-- Portuguese cuisine (very rare in LA indeed)

                                  I don't think Italian food is that unique in Boston, to be honest. Good, sure (REALLY good in some places), but not particularly unique. As far as seafood, I really only started to love fish when I moved out west, having grown up on shrimp, crawfish and crabs (I'm Cajun) but never having had good fish out east (other than fried). Stick to the shellfish.

                                  1. I visited a friend in Boston two autumns ago, and one of the highlights of my trip was going apple picking. With the fall foliage, the scenery, and the variety of apples available, it was definitely an experience that can't be had in Los Angeles.

                                    1. from a trip i took a couple years back:

                                      in boston, the eating was unreal as well.
                                      got lobster and oysters at jasper whites summer shack,
                                      bbq and pulled pork at redbones bbq.
                                      a killer selection of meza and desserts at oleana (modern takes on armenian, persian and turkish)
                                      the best fucking cubano sandwhich i've ever tasted at chez henri.
                                      pastries and reinvented american snacks at hi rise bakery, Renee Becker is an interesting american-style baker (right down the street from formaggio kitchen)
                                      bought hand harvested fleur de sel at formaggio kitchen, one of the best gourmet shops in the us. ask to check out the cheese caves, great selection of artisinal products. julia was a regular here for years.
                                      went super high end at no.9 park. do NOT miss the prune gnocchi with foie gras and vin santo glaze
                                      and finally ate about 12 different meze and a plate of grilled meats by myself at baraka cafe. creative french tunisian with the best lemonade ever tinged with rose petals, cardamom, orange blossom, water, milk.

                                      some places i didnt have time to check out:
                                      bricco for high end italian and home made pastas
                                      Clio and their experimental sashimi bar, Uni
                                      Uni is a 10-seat sashimi bar by Boston's top chef, Ken Oringer

                                      1. Somewhere where you can get a good lobster roll. I miss those dreadfully out here. I know that Legal Seafood has one (had to do with that the last time I was in Boston, since I was on a limited time schedule). The lobster sandwiches at Alive and Kicking are also good.

                                        Agree also with the recs for Portuguese food. I love O Cantinho and Mucqueca (sp?).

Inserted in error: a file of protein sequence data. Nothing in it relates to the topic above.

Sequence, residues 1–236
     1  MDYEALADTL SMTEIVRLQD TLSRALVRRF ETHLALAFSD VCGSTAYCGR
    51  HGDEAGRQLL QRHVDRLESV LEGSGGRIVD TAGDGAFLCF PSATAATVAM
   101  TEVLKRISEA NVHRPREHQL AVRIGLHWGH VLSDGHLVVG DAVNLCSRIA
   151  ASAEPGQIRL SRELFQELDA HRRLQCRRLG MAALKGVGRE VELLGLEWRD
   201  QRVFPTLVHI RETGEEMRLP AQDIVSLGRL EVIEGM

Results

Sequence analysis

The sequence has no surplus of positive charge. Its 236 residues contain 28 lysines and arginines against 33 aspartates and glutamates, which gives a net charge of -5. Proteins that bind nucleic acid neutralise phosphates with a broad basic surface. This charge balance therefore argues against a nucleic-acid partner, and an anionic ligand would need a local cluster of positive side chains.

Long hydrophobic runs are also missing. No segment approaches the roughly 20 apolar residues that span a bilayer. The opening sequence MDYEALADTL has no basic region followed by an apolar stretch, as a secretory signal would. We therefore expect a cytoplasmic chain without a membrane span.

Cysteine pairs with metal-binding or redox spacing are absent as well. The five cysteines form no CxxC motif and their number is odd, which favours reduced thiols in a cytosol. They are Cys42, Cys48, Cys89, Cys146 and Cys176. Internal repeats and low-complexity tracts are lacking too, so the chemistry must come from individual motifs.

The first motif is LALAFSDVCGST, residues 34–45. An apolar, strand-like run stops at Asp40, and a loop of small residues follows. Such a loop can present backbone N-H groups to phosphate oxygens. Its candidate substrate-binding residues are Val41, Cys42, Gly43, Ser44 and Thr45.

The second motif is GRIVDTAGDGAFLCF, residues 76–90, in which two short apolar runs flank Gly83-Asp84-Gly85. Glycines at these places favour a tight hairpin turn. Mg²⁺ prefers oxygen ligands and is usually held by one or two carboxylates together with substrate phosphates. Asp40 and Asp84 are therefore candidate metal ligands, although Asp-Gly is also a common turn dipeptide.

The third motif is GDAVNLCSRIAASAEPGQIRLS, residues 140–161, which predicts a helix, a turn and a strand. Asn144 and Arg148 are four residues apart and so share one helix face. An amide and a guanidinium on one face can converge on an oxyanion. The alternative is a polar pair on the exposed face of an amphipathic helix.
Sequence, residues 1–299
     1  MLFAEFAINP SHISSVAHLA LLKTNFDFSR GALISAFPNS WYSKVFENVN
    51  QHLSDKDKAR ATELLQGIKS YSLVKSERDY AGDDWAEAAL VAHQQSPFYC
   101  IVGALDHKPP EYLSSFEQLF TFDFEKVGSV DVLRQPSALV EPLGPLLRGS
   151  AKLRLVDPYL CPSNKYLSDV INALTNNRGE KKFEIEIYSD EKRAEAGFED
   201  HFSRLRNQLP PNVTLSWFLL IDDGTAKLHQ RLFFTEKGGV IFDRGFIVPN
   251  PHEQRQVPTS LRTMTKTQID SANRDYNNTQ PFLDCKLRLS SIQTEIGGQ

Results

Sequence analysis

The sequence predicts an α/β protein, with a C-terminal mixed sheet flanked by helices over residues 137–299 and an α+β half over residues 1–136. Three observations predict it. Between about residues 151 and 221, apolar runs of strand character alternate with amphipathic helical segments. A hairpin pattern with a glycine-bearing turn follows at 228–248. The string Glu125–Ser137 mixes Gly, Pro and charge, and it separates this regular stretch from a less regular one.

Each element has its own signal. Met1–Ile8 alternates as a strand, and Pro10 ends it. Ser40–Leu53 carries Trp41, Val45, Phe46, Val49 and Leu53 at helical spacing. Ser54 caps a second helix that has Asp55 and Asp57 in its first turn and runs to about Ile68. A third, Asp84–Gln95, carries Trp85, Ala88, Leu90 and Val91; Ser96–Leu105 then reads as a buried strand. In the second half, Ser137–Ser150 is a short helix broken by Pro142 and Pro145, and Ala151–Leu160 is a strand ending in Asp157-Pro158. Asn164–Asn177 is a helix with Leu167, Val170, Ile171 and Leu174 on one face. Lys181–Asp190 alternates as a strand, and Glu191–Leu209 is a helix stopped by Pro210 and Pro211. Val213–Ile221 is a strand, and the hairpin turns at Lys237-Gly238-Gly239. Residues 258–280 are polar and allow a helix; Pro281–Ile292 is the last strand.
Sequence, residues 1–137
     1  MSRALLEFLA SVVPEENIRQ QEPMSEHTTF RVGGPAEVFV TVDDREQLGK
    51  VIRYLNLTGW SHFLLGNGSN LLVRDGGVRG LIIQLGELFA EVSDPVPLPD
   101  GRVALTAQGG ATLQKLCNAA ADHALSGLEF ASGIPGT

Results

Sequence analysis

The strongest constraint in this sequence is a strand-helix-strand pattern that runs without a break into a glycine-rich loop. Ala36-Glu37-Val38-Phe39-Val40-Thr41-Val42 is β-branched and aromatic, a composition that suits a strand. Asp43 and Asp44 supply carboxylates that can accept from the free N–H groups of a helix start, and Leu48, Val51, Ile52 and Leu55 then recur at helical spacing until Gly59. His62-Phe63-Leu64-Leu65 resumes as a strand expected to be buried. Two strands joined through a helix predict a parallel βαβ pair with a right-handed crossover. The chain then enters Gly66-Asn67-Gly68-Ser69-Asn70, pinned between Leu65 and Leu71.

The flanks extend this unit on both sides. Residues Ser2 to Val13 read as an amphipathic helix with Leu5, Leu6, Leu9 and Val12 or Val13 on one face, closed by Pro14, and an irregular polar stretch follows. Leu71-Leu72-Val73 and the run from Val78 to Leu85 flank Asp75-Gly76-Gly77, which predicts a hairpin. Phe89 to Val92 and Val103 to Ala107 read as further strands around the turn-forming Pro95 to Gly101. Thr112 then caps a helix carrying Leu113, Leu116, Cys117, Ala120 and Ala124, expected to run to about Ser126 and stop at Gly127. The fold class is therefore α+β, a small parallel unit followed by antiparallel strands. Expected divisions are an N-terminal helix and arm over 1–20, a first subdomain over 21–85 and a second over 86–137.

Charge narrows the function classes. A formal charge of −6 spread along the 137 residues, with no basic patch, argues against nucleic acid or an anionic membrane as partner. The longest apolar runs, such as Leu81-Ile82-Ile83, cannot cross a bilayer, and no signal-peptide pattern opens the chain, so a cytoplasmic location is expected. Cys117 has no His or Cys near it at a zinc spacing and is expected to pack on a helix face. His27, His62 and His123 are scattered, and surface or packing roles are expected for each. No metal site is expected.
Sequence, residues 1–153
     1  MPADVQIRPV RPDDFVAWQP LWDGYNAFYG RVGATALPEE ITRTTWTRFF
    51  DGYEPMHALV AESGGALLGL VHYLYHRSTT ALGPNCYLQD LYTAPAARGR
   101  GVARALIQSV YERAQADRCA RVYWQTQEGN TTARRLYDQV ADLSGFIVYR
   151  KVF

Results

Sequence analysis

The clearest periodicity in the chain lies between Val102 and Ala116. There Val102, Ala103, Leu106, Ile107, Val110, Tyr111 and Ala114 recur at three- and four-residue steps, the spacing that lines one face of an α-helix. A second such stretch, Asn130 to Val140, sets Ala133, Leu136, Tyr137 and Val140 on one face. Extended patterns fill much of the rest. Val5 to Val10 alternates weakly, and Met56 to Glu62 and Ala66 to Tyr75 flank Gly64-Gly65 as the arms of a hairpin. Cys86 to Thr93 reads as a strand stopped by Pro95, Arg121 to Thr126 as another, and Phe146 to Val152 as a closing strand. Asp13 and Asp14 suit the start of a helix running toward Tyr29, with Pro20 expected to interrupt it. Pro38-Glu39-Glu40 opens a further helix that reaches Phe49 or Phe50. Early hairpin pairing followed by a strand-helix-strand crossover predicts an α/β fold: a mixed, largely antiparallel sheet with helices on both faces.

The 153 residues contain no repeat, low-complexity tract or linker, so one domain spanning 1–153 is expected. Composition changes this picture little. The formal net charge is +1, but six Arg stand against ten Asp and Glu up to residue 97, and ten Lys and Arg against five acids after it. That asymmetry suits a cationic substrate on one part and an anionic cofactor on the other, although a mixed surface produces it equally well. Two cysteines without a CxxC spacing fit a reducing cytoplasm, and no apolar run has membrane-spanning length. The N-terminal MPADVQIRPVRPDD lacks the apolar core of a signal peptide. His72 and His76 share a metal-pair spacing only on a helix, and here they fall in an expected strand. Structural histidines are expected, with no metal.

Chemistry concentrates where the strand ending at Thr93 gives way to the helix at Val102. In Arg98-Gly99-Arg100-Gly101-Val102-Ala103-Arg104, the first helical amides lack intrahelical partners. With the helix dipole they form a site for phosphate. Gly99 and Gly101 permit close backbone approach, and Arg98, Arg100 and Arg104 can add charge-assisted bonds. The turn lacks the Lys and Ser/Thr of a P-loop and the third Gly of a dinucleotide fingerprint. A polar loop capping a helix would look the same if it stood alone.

Of course, at this point, when I go back to Boston, I'm always torn between returning to my favourites or trying something new. It's so hard to decide, sometimes!

                                        (Ooh, and if you have time, take your guest to Burdick. Great hot chocolate, and the cutest chocolate mice.)

                                        2 Replies
                                        1. re: jacinthe

                                          I haven't had it, I've seen it recommended here, and have no idea how it compares to the Boston Standard, but The Hungry Cat has a Lobster roll with fries:


                                          Also, there are a few places that have Lobster sandwiches in L.A. Example - The Hotel Bel Air has a "Maine Lobster Club Sandwich with bacon, avocado and tomato & a side of some fancy slaw".

                                          1. re: JBC

                                            Ah, but the lobster sandwich at Alive and Kicking has none of that bacon, avocado, tomato stuff - just a lot of lobster on two slices of buttered twice-toasted bread. It was also conveniently located less than a block from where I lived there, and at just over $10 with tax, one of the best meals ever.

                                        2. I haven't been to Boston in a few years. However, one of the most memorable meals I had while there was at The Daily Catch. I love the food there and still think about how good it was!

                                          1. Mike's Pastry. I'm almost crying as I write that -- I miss that place so much. LA lacks bakeries like that because people don't have enough reckless abandon when it comes to their waistlines.

                                            1. I am very fond of Locke-Ober, a classic restaurant that is well-run and serves great food. Lobster stew!

                                              http://www.locke-ober.com/menu.htm (It also makes me wish for the day when Musso & Frank's gets the same treatment.